US$44.3 million available against the US$96.5 million appeal (46 per cent funded).12 In 2017, UNICEF and partners supported the responses to the refugee influx, the outbreak of acute watery diarrhoea and the malnutrition crisis, especially in newly accessible areas. More than 279,000 people, including some 145,000 children, gained access to an improved drinking water source with UNICEF support. More than 1.4 million people received key hygiene messages and benefitted from sensitization activities. UNICEF reached nearly 2.3 million people with primary health care services. A total of 165,618 children aged 6 to 59 months with severe acute malnutrition (SAM) were identified and admitted for treatment. All 3,934 unaccompanied and separated internally displaced and refugee children identified were reunified with their families or placed in alternative care arrangements. As part of the Action Plan to protect children from grave violations, the United Nations13 and the Government of the Sudan concluded monitoring and verification missions to military barracks in all conflict affected states. Due to the shortage of dedicated funding for emergency education activities, only 22,411 school-aged children, out of the 150,000 targeted, were accessing safe learning spaces by the end of October.
In 2018 UNICEF requires US$96,544,326 to meet the humanitarian needs of children. As the 2018 Humanitarian Response Plan (HRP) is not released, the funding requirement will be revised after the official release of the 2018 HRP. Without adequate, timely and flexible funding, UNICEF will be unable to provide life-saving support, respond to the continuing nutrition crisis and reach the most vulnerable children with critical health and WASH services. Basic supplies for primary education are also urgently needed.
1 People in need (including children), targets and budget requirements are the same as in 2017, and are subject to change upon the release of the 2018 Sudan Humanitarian Needs Assessment and HRP. The total number of children to be reached is calculated as 53 per cent of 4.06 million.
2 For example, conflict-related displacement declined 10-fold in Darfur between 2016 and 2017.
3 The disarmament campaign organized by the Government of the Sudan, which began on 19 October 2017 in North Darfur, has raised tensions between the Government’s paramilitary forces and the Arab militia led by Musa Hilal.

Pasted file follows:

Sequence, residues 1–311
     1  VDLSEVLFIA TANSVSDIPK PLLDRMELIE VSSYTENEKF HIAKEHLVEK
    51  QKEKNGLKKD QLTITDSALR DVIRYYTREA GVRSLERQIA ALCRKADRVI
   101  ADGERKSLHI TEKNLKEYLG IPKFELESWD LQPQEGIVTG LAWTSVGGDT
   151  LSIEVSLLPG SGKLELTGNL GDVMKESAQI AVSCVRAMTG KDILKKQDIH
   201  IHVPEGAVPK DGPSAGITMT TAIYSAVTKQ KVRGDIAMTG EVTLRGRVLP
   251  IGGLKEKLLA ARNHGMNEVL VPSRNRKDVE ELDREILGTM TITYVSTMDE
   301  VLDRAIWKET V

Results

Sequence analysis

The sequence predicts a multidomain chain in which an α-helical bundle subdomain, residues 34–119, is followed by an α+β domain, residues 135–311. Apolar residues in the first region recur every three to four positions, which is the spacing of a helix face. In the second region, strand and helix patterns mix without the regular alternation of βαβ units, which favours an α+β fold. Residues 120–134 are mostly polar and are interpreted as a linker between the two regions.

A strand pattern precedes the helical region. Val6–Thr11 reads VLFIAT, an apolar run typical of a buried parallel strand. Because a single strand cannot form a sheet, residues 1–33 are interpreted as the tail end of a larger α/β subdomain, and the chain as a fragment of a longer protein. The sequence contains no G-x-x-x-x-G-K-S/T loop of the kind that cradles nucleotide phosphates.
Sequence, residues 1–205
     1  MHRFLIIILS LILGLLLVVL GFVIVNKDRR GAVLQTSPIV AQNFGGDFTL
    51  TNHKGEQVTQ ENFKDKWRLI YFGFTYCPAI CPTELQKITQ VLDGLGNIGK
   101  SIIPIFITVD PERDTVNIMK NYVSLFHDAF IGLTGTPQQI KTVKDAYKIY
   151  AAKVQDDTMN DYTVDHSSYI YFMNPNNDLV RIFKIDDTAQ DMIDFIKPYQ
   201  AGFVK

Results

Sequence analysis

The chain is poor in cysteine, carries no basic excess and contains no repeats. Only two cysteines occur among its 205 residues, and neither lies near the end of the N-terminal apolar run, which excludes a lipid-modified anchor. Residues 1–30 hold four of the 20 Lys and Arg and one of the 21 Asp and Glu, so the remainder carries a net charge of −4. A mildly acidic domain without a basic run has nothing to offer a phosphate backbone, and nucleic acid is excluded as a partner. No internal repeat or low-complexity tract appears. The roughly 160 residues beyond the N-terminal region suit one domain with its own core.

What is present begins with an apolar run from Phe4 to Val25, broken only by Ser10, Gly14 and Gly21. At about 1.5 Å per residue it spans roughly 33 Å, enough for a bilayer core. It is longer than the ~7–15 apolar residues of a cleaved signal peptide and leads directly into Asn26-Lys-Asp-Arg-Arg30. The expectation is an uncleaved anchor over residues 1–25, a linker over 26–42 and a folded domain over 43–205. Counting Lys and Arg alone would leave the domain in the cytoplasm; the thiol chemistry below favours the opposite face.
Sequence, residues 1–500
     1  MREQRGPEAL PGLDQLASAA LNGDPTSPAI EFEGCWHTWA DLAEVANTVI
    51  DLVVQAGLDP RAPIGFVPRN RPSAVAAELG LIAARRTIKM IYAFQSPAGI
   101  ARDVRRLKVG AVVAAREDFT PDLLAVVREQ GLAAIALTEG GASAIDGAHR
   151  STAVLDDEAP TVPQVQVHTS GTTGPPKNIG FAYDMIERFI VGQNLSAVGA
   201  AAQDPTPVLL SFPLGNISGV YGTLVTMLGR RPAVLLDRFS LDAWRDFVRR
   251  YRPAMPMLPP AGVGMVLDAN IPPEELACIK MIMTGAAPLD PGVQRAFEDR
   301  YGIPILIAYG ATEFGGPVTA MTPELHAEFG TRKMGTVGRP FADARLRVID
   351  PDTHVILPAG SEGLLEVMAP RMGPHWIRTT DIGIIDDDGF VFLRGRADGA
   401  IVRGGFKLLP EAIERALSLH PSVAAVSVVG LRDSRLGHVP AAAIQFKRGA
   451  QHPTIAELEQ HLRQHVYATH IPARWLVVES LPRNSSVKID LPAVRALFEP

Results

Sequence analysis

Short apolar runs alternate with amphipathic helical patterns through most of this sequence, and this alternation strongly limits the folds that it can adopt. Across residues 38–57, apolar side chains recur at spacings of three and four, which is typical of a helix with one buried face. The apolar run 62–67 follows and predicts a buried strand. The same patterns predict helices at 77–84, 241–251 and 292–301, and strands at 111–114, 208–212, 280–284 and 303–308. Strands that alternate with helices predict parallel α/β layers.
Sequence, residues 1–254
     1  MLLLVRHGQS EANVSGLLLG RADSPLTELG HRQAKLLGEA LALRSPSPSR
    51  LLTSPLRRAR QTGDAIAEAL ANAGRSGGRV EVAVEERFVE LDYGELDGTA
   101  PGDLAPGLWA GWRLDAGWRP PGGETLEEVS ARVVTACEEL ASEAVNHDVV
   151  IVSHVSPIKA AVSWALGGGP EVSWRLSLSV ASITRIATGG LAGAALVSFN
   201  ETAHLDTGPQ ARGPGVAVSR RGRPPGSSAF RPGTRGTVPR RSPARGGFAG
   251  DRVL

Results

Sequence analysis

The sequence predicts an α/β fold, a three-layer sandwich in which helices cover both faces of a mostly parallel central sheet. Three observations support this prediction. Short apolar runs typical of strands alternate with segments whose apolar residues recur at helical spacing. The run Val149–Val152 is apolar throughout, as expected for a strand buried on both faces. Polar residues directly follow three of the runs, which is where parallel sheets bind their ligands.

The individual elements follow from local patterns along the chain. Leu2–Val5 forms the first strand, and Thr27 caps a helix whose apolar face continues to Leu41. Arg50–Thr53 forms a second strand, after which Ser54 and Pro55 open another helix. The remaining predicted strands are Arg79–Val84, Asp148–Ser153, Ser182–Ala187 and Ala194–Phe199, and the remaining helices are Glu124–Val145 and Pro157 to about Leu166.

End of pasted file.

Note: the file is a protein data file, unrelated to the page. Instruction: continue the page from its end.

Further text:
4 The numbers are cited from ‘Sudan: Refugees from South Sudan as of 31 October 2017’ issued by the United Nations High Commissioner for Refugees. The number of children was calculated based on South Sudanese refugee children under 18 making up 66 per cent of the total population of South Sudanese refugees.
5 An outbreak of acute watery diarrhoea that began in August 2016 experienced a resurgence in 2017, with more than 36,000 suspected cases and an average of 30 fatalities per week across the 18 states of the Sudan.
6 Approximately 200,000 displaced or newly returned people, including an estimated 120,000 children, were in need of WASH, nutrition, health and protection support in Central Darfur. So far, 115,428 children have been screened and 1,133 SAM cases were identified. All identified malnourished children were admitted for treatment.
7 This is 2017 data, subject to change upon the release of the 2018 Sudan Humanitarian Needs Assessment and HRP.
8 Including meningitis, measles, yellow fever and malaria.
9 New needs are continuously being identified in newly accessible areas of Jebel Marra. In Blue Nile, an intensive community mobilization campaign in newly accessible areas was conducted in November. A total of 3,101 children were screened and 441 SAM cases were identified. Many of the severely malnourished children were in critical condition and in need of inpatient care.
10 South Darfur, East Darfur, West Kordofan, South Kordofan and White Nile states.
11 As part of prevention efforts, UNICEF is currently leading the identification of acute watery diarrhoea hotspots with high-risk factors in collaboration with the Government and partners.
12 Available funds include US$34.3 million raised against the current appeal and US$10 million carried forward from the previous year.
13 The co-chairs of the United Nations Country Task Force on Monitoring and Reporting are the Deputy Joint Special Representative fo r the African Union - United Nations Mission in Darfur, the United Nations Resident and Humanitarian Coordinator and the UNICEF Representative. UNICEF also leads technical implementation.
14 2018 programme targets are subject to change, including the funding requirements, upon the release of the 2018 Sudan Humanitarian Needs Assessment and HRP.
15 The two mentioned targets on health do not include refugee target numbers because UNICEF prioritizes different indicators as part of the refugee response.